It’s Expo time again at the Leslie household. Expo ranks right up there with root canals and income taxes on my list of painful experiences to avoid. For those of you who are not so unfortunate to have a child in the Rio Rancho Public Schools (please note: I am not bashing RRPS. I just HATE Expo), Expo is the name for our local science fair, which actually isn’t all that local because it feeds into the Intel International Science and Engineering Fair. Oh, and in case you’re wondering I’m not a Luddite and I don’t hate science, either. I actually have enough college credits for a degree in Geology; I just opted not to torture myself with Calculus, Trig and Organic Chemistry, and decided that a single major was good enough.
There’s just nothing like a science project that involves those nifty project boards AND 17 pages of forms that are apparently written in Greek that must be completed and signed by parents when your student isn’t actually old enough to compete in the ISEF. But I guess they figure we parents need training so they start torturing us in middle school. And I am blessed to have TWO middle school students this year.
Yep, that means TWO Expo projects. One of the projects involved burning quantities of sugar. Other than making the house stink, it was actually kind of interesting. But not so interesting that I’ll be wanting to repeat it. However, we still have to analyze the data and lay out the project board, so maybe I’ll wax philosophic on that one another day (and I’ll tell you the easy way to get burned sugar off the pan). Ok, so it was a project on the carmelization of sugar, but it really did involve burning the sugar by the end of the project. Nasty.
Yesterday’s project was much more up my alley. One of my big objections to Expo is there is no equivalent for our students of the arts. We don’t have the “Reflections” program here or any big school-sponsored competitions for art students. I realize that the idea that one can make a living in the arts is apparently as crazy today as it was when I was a kid and used to tell my mom I was going to grow up and be a writer. Her response was always, “But what do you plan to do for a real job?” But I digress.
So, I’m thinking you’re wondering what this little rant has to do with the title of this post. After all, it doesn’t say anything about Expo. But there is a connection. Really. My youngest decided that for her project she would study the rule of thirds in professional photography. I did not pick this project. She is the only one of my kids who wants to be a “ma-tographer” when she grows up (I think that was her word for mom-photographer when she was little). Her interest is in wildlife and animal photography. We shall see. I think it’s cool.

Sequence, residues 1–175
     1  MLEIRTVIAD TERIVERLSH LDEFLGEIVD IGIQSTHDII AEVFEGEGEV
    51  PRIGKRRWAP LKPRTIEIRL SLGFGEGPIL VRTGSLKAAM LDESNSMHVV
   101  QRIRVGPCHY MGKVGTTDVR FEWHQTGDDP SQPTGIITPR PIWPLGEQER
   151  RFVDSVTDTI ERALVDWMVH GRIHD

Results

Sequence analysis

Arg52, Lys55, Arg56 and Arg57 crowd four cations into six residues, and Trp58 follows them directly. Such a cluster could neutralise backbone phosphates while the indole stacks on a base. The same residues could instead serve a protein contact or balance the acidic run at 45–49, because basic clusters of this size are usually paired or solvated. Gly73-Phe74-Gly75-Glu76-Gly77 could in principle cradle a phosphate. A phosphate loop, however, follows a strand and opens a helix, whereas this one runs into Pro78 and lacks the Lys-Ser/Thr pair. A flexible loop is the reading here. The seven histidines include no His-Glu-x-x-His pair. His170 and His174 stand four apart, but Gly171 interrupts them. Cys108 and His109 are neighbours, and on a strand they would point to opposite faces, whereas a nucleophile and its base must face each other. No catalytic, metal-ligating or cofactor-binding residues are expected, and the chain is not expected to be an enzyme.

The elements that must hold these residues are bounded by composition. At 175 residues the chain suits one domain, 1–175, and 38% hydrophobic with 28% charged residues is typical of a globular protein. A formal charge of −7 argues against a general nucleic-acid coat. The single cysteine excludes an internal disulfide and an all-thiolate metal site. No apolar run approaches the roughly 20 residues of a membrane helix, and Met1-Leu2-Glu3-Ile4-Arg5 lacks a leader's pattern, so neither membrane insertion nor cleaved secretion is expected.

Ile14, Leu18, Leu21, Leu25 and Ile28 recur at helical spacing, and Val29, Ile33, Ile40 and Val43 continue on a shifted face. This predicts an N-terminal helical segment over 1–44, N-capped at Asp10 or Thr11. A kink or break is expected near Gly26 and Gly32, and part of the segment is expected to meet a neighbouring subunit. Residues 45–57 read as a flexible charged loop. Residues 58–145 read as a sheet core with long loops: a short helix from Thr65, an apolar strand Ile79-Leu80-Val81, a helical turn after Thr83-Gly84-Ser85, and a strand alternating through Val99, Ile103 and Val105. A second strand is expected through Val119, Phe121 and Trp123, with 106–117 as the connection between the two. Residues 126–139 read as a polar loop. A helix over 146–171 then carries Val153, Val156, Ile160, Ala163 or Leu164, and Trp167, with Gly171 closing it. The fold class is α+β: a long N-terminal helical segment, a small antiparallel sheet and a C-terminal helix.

So, since I’ve spent the last few weeks teaching her the rule of thirds and analyzing dozens of well-known photographs with her, I believe I am now prepared to share it with all of you, so you can improve your photography skills as well.
Just as an FYI, 96% of the photographs she analyzed employed the rule of thirds in their composition. So, for those of you who think it’s just some silly rule, it really isn’t.
So, what is the rule of thirds?
The rule of thirds visually divides your photograph into a grid–like a tic-tac-toe board, though there is also a triangular version–and says that you place your main points of interest either on one of the intersections or along one of the lines, rather than place it in the middle of a photograph. This doesn’t just apply to photography. It’s a universal rule applied to paintings and other design work as well. It’s probably one of the most elementary rules of photographic composition, certainly one of the first I learned. Well, that and keep the horizon straight so all the water doesn’t run out of the ocean.
When you place your subject dead center in the photograph, it generally creates a very static composition. Nature is not inherently symmetrical and so we find compostions that are not perfectly symmetrical to be more pleasing to the eye. Placing your composition along these imaginary lines creates a sense of motion and interest in photographs.
And, no, it’s not a hard and fast rule. There are certainly times to break it, but before you can break it and do it well, it helps to understand it.
So, here are a few examples–these are all from my photo library, since we don’t hold with breaking copyright laws here and publishing other photographers’ work without their permission.
So, now your assignment for today is to go out and look at some of your favorite photographs and see how well they follow the rule of thirds. I will admit that I was surprised that the percentage of published photographs was as high as it was. Oh, and this does also apply to portraits, too.
Here’s a random grab from my hard drive. You’ll notice that the eyes fall in the upper left and the line of the body goes down the left line. This isn’t something I consciously think about when making photographs any more, but that may just be that I’ve been doing it so long. At one time I did have a camera that had the grid in its viewfinder. Many cameras do have this feature and it’s a great help when you’re starting out.
And once you’ve got this down, then we can talk about the Golden Mean which is a related principle and even cooler once you start seeing how it works in your art. But we’ll save that one for another day.